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December 17, 2014

[Click the pics for a bigger view]

Drive Shaft

The TR6 drive shaft (or propeller shaft) is a pretty standard item.  It has a flange connected directly to a universal joint at each end, and a sliding spline joint in between.  This arrangement accommodates the changing alignment between the transmission output shaft and the differential input shaft.  All the parts of my drive shaft were dirty and rusty.  This is after pushing out the U joints.

After some cleanup and derusting:

After powder coating.  The main shaft is too big for my small oven, so it got a couple of coats of POR15.

The sliding spline has a cork seal to keep dirt out.  It was hard and brittle, and came out in small pieces.  As far as I can tell, it isn't available anywhere, so I fashioned one from some cork sheet.  The steel split washer and the cap were re-plated.

Here is where the story takes a grim turn.  Any time someone uses a powerful tool like a hydraulic press to move something, there is a real potential for unintentional carnage.  Installing U joint bearing caps is a relatively routine process, but occasionally something goes awry.  I was pressing one of the caps into the sliding yoke when something apparently got cockeyed in a direction I didn't see.  When I should have stopped and investigated the reluctance of the cap to go into the bore, I kept pouring on the tons, believing the cap would right itself.  The sad result was a bent ear on the yoke.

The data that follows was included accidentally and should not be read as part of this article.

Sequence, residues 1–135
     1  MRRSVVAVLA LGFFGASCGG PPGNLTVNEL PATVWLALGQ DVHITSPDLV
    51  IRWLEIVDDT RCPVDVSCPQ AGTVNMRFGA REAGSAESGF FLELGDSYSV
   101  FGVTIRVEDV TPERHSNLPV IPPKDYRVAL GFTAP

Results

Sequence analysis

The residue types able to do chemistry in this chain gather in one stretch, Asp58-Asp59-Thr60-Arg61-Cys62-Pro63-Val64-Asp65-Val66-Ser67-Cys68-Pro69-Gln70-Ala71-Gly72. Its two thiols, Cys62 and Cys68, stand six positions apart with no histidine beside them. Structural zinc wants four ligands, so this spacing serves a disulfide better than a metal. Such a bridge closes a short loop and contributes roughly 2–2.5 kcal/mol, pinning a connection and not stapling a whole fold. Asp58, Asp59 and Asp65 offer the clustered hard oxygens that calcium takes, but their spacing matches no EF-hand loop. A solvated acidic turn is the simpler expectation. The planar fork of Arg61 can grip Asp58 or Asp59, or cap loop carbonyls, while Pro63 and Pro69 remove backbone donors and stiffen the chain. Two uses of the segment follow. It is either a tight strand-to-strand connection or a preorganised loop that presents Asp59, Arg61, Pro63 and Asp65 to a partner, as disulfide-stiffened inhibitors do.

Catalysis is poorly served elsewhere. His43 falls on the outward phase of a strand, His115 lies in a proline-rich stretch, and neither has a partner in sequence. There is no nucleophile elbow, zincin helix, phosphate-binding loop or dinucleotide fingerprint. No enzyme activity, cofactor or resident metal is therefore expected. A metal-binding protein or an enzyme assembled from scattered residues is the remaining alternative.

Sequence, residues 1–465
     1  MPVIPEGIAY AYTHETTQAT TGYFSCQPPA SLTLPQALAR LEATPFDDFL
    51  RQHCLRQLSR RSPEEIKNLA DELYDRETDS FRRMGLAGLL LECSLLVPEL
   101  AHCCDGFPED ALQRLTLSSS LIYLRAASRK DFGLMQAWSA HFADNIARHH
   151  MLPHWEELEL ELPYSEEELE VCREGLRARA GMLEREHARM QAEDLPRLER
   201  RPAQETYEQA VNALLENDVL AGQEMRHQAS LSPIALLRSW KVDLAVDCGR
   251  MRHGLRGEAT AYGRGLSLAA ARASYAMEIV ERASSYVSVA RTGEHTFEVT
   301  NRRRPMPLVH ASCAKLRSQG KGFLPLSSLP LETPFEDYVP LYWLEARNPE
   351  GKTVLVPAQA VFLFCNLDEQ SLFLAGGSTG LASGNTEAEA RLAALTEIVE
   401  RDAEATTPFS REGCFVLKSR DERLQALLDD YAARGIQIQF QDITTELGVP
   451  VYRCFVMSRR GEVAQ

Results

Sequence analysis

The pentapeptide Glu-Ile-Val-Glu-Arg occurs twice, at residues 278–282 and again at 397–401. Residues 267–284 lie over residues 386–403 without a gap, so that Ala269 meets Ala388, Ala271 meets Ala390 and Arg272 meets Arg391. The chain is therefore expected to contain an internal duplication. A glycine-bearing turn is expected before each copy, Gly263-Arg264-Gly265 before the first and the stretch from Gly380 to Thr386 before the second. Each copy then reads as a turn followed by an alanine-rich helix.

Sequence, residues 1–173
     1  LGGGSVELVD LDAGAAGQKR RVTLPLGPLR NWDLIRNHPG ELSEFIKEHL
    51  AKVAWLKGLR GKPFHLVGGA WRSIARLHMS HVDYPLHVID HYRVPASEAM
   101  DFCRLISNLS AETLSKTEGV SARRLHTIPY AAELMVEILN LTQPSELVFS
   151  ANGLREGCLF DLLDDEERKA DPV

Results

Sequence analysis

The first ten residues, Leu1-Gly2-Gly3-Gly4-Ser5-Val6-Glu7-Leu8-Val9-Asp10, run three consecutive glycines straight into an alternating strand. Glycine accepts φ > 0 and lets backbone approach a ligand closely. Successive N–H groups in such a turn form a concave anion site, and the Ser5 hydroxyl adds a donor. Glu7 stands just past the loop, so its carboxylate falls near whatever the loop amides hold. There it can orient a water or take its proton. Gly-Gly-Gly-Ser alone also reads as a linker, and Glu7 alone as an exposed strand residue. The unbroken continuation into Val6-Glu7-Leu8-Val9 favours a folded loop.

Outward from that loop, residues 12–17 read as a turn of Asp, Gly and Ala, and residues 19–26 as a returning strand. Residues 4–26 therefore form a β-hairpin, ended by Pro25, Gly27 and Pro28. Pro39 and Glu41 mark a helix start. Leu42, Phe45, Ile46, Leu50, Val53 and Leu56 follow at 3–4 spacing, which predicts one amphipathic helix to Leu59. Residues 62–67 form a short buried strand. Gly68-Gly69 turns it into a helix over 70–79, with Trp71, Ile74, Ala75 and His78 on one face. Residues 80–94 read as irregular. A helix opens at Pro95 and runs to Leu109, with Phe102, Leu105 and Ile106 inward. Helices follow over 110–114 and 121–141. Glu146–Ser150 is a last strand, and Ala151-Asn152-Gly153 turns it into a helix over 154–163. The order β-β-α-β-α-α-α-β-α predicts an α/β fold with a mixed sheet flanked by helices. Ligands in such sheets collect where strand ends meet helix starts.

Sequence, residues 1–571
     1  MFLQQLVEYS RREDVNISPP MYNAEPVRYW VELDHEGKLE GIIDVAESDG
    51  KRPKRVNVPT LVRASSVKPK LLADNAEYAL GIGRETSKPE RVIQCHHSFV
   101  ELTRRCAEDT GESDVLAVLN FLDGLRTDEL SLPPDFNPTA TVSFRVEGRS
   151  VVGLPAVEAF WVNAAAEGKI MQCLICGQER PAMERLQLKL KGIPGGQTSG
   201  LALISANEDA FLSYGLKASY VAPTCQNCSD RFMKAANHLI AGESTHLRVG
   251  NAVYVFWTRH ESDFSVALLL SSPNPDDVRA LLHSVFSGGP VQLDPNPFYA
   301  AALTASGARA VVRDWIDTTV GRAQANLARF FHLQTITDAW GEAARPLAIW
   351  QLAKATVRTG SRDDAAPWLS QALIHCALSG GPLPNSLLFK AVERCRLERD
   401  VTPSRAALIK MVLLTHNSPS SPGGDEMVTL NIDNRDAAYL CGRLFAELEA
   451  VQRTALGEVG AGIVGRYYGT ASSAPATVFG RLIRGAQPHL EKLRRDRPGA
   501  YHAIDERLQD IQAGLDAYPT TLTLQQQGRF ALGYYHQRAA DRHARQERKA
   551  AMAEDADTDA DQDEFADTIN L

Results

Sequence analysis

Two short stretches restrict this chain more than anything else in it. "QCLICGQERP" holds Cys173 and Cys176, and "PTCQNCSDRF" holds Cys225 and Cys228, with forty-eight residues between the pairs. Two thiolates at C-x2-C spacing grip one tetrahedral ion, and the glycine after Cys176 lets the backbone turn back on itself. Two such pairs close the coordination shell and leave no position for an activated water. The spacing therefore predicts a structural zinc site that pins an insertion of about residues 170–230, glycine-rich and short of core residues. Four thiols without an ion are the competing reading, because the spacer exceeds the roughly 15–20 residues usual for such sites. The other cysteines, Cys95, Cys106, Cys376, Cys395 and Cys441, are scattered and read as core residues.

A disappointing Internet search revealed that no one was selling just the yoke, and that everyone who was selling a complete drive shaft apparently believed it was made of platinum.  

This made me think a little harder about undoing what I had done to my yoke.  Within limits, bending is usually a reversible process, so maybe I could unbend what I had bent.  Careful measurement showed that the extreme end of one yoke ear was bent in by about 0.080".  The deformation extended down only to about the center line of the bore.  

Another Internet search revealed that some people have successfully repaired this kind of damage, and I adapted one of the methods to fit my situation.  The head of a 3/4" Grade 8 bolt was modified so that it would slip into one of the cap bores, which would keep it centered.  A nut on the bolt presses on a stepped collar that fits into the other yoke bore.  This arrangement can apply an enormous amount of pressure--probably as much as my press.  The little shim in the last pic was inserted to apply all the pressure at the outer end of the bent ear, since that's where the deformation was the greatest.

I went through several cycles of pushing and measuring, and the ear was slowly moving.  I was able to get the ear within a few thousandths of the correct dimension.  I was prepared to use heat, but didn't need to.

After this success, I noticed that the cocked cap had also left its mark inside its bore.  There was a small ridge of upset metal in the bore.  I was also worried about some lingering distortion of the bore, so I decided to carefully ream the bores to ensure that they were  round, but also that they were colinear.  I used a cheap adjustable hand reamer for this.  Its blades happend to be just long enough to span both bores.  I opened the reamer just enough to clean up the ridge.

Of course the danger here is that one or both bores will get too big, and the bearing caps will be too loose.  Luckily, this wasn't the case, and both caps were still a nice firm press fit.

The final shaft, ready for install.   When assembling the sliding joint, it's important to get the phasing of the U joints correct.  A single U joint can produce a slight oscillation in speed which can be canceled by a second U joint if the relative orientation is correct.

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